Shred or julienne your carrots the same way you did your cabbage (using a grater, food processor, or knife). The carrots add a touch of sweetness to this coleslaw. I prefer to julienne my carrots because the thinner the carrots are, the more water they’ll release later. Again, you can also get help from the produce section by using bagged shredded carrot.
Add the shredded veggies to a large mixing bowl for later.
How do I make the Peruvian dressing?
This is a vinaigrette-style dressing. That means we’re making an emulsified sauce by whisking (or pureeing) oil and acid- lime juice and olive oil- together until the two are forced to combine. But, we’re also creating tons of flavor by using aromatics like red bell pepper, onions, garlic, and a little hit of spice from jalapeño peppers. Rough chop the peppers, onion, garlic cloves, and jalapeños. Since we’re going to blend them, we don’t need to be precise.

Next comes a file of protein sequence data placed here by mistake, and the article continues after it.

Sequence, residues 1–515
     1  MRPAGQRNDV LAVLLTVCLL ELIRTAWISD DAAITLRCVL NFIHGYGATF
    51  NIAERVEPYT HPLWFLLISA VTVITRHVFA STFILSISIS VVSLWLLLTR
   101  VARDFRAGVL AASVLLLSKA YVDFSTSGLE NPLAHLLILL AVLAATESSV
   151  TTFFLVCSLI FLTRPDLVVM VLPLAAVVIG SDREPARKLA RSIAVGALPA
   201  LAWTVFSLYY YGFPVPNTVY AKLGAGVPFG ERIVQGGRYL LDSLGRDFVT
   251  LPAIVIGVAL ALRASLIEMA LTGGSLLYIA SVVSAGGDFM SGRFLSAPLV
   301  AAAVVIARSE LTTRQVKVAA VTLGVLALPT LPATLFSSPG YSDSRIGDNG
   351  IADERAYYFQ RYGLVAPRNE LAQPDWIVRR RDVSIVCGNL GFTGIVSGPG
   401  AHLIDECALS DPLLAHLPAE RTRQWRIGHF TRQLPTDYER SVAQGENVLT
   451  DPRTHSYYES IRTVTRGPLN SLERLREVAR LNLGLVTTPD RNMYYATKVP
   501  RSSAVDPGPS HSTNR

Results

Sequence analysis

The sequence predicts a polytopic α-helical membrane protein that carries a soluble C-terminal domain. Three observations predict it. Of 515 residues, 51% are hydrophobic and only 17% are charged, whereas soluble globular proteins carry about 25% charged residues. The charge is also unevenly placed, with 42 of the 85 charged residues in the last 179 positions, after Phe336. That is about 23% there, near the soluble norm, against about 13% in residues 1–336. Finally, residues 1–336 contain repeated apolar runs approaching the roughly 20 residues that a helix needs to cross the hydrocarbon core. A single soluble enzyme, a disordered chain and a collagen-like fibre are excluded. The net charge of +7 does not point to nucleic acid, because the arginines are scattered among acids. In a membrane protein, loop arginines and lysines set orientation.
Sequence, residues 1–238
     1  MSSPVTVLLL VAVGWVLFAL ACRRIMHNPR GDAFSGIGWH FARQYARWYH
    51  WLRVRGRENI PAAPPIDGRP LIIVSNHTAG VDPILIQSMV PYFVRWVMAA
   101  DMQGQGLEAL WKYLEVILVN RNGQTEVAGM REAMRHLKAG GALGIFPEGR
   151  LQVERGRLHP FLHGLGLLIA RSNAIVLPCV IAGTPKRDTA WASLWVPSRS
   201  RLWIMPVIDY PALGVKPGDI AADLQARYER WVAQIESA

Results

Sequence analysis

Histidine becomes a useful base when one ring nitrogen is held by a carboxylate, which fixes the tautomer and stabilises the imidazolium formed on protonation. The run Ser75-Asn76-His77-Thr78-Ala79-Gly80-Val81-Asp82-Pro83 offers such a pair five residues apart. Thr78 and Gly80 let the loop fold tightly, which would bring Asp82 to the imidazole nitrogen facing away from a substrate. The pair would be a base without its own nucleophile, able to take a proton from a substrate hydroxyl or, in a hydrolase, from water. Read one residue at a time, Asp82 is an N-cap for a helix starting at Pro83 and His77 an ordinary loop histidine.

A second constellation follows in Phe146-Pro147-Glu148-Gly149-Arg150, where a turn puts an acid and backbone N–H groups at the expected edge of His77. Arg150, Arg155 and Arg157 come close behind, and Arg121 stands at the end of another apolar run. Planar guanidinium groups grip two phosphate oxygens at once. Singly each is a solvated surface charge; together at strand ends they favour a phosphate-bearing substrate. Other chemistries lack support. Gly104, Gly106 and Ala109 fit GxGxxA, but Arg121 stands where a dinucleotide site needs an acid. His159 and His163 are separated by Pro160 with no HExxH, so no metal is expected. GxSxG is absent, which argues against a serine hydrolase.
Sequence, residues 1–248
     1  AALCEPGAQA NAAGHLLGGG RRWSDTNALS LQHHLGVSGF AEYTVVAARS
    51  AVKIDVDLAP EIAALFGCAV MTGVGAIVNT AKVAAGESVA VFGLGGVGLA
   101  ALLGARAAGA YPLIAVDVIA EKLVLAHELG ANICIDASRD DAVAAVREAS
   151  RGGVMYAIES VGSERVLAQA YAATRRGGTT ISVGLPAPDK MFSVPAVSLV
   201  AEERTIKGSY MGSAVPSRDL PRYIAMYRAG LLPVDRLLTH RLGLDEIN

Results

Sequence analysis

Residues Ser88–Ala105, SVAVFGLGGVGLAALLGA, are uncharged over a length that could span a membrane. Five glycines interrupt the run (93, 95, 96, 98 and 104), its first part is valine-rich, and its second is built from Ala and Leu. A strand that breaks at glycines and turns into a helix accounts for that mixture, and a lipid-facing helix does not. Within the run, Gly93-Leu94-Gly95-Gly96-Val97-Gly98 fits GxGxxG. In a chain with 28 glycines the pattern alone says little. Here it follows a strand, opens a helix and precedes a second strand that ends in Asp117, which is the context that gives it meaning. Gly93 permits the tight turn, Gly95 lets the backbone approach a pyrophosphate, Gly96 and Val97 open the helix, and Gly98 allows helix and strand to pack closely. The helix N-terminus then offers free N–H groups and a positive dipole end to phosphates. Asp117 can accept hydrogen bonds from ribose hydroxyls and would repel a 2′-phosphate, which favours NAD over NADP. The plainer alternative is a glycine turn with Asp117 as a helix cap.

Begin by adding the garlic and onions to the bowl of your food processor or blender. Because onions and garlic are more pungent than the remaining veggies, they need more time with the blades. Can you imagine biting into a big chunk of one of these? Pulse these together at low speed for 30 seconds, then scrape down the bowl using a rubber spatula.
Add the red bell and jalapeño peppers. Now, if you’re a fan of really spicy foods, you can add another half– of a jalapeño. I’m a big fan of spicy- my ulcer? Not so much, but even I have to admit, more than 2 jalapeños are too much.
Pulse this mixture again for 30 seconds to break them up into finer pieces.
Next, add the cilantro leaves. Blend everything together until the mixture resembles a pico de gallo or a thick salsa.
Use your rubber spatula to scrape down the bowl. Just make sure no large chunks remain. This dressing isn’t going to be smooth, but you also don’t want clumps of these veggies dominating the coleslaw.
Add the lime juice and the salt.
What kind of oil is best for dressings?